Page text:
In Madison, one year following the death of an unarmed young man, the black body remains unprotected.
On May 12, 2015, a chorus of bodies—white, brown, in-between and more—congregated around a public television set somewhere in downtown Madison. I know, because I was there, clenching the leather of my seat. None of those bodies said much of anything, but their sorrows roared louder than the talking heads on the screen.
Black death is truly a circus. The talking heads descended from what appeared to be nowhere, to come to this false island between two lakes. The circus brings showgoers from all over to watch the same attractions on loop: dead black body, lawman’s gun, tears of family, prayers of citizens, cries for justice, no reply, dead black body, lawman’s gun, tears of…
On that May 12 on that false island, the circus was still in town and on many a tongue. Our body was named Anthony; Tony to those who love him. Our lawman is Matt. There’s blood on a porch; no one’s swabbed the deck yet. We met Andrea and Sharon and many many more. The chorus of bodies tuned in and heard from a man named Ismael. He told us that Matt is not responsible in the death of Tony. I clenched to the leather like I could choke the justice I craved from it. My better mind would suggest that we knew what was coming, but the disappointment sat in my chest and invited its friends to surround the room.
How many of us deserve the front-row seats? How much yellow tape covers our admission? When you know your dark skin, you’re drafted for the front-row seats even when you made no plans to come. You don’t pick an outfit, you don’t hire a sitter, you forget to feed the animals, and you don’t kiss your loved one or shake your comrade’s hand. Such a spontaneous thing, this carousel of blood. You can read about it in the papers if you’re unfamiliar.
At 21, I gripped my seat and moved foolishly in that pain because I, for the first time, was in the front row.
I remember the first time I was in the nosebleeds, which may feel like the front row thanks to all the platforms where death is accessible on-demand. I sat in the room where I spent my adolescence, my mother and sister across the hall, my father in the basement, all tuned into the same circus. That body was named Trayvon. The lawman was no lawman at all, but a concerned neighbor. His name is George. We met Sybrina and Tracy and many many more. This time, twelve citizens held the key to the guillotine. They told us George is not responsible in the death of Trayvon. George smiled and shook hands with his people.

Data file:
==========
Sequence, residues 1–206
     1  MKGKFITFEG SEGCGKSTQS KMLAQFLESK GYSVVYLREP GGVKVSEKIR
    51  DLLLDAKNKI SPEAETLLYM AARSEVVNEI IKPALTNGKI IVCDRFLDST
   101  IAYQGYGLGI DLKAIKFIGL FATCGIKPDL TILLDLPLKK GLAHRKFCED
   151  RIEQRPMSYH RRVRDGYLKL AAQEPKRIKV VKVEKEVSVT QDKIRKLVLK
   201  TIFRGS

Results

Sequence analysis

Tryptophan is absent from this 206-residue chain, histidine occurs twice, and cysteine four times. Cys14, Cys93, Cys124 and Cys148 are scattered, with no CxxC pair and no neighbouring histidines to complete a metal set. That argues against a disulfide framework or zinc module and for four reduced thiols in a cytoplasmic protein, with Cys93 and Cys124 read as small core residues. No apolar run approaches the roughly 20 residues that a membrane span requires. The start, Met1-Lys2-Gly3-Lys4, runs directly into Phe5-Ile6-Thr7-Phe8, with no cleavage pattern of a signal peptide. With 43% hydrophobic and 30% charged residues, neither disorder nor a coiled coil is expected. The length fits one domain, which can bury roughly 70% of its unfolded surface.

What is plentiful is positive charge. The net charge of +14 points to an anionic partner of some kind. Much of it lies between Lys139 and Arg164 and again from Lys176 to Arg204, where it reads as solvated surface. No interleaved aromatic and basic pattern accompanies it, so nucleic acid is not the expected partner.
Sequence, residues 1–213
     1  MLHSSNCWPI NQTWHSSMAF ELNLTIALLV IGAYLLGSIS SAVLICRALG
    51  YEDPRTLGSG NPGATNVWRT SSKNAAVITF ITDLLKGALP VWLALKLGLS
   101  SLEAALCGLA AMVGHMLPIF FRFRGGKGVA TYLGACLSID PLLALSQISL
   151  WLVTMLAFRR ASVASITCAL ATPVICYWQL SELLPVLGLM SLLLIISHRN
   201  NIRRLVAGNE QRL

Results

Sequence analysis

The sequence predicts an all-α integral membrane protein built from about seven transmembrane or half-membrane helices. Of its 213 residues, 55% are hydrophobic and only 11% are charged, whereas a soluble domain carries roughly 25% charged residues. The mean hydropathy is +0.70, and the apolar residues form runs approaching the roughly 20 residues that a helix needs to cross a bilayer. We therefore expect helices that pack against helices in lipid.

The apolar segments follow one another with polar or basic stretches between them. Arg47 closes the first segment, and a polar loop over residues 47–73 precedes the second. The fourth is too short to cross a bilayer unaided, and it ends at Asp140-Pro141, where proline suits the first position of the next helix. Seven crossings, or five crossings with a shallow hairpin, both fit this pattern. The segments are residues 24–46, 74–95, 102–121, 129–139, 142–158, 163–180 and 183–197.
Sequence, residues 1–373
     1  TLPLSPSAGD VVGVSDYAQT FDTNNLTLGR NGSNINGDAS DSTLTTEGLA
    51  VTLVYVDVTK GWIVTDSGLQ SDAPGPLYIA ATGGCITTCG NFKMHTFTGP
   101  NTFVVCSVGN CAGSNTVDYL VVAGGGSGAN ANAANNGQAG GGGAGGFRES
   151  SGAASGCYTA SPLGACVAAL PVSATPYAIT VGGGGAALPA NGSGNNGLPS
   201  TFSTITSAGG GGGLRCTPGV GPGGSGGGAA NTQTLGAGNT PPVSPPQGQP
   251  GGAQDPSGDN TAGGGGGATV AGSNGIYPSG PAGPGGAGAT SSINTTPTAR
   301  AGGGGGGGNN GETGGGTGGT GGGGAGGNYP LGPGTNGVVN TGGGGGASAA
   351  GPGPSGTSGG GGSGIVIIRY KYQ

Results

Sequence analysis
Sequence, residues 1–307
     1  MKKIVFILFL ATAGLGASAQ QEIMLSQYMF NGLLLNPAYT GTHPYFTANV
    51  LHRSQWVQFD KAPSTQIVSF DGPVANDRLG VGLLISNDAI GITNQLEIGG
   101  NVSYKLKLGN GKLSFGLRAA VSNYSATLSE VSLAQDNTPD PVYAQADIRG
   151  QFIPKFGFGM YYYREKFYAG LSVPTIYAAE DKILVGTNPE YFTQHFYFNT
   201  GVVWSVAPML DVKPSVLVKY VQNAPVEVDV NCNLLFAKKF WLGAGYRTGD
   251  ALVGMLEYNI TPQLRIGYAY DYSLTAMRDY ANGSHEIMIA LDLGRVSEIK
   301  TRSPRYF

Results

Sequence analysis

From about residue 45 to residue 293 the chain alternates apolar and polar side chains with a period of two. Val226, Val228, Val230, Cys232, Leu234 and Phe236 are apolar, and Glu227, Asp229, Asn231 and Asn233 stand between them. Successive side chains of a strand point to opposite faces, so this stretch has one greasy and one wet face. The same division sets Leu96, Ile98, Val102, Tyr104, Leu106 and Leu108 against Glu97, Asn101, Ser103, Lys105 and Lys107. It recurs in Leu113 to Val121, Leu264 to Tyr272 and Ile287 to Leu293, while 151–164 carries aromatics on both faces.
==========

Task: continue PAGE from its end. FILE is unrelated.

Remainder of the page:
I shouted in key with my mother, but my foolishness was excusable. It was my first time at the circus.
My parents tucked me in a suburbia full of bodies with a shade like mine, but I doubt that eased any of the terrors they envisioned. Given my programming, I assumed that I wouldn’t be captured in a backyard like ours. Trayvon was captured in a suburbia nicer than ours, on a lawn much more crisp and kempt. Once the circus moved to another act, every living trace of Trayvon was mined for evidence of charges he couldn’t defend. He wore gold grills, he liked rap music, he smoked weed and videotaped fights of his peers. He did what so many teenagers do in the backyards and back alleys of this country, a country founded in bloodshed and neglectful of moderation. They knew nothing of the body, yet scraped pieces of its flesh from the pavement to mold their monster. The onlookers shouted loud from the rafters and no one asked the right questions.
At that circus, life imitated art. Someone purchased the gun that took Trayvon’s life at the merchandise stand.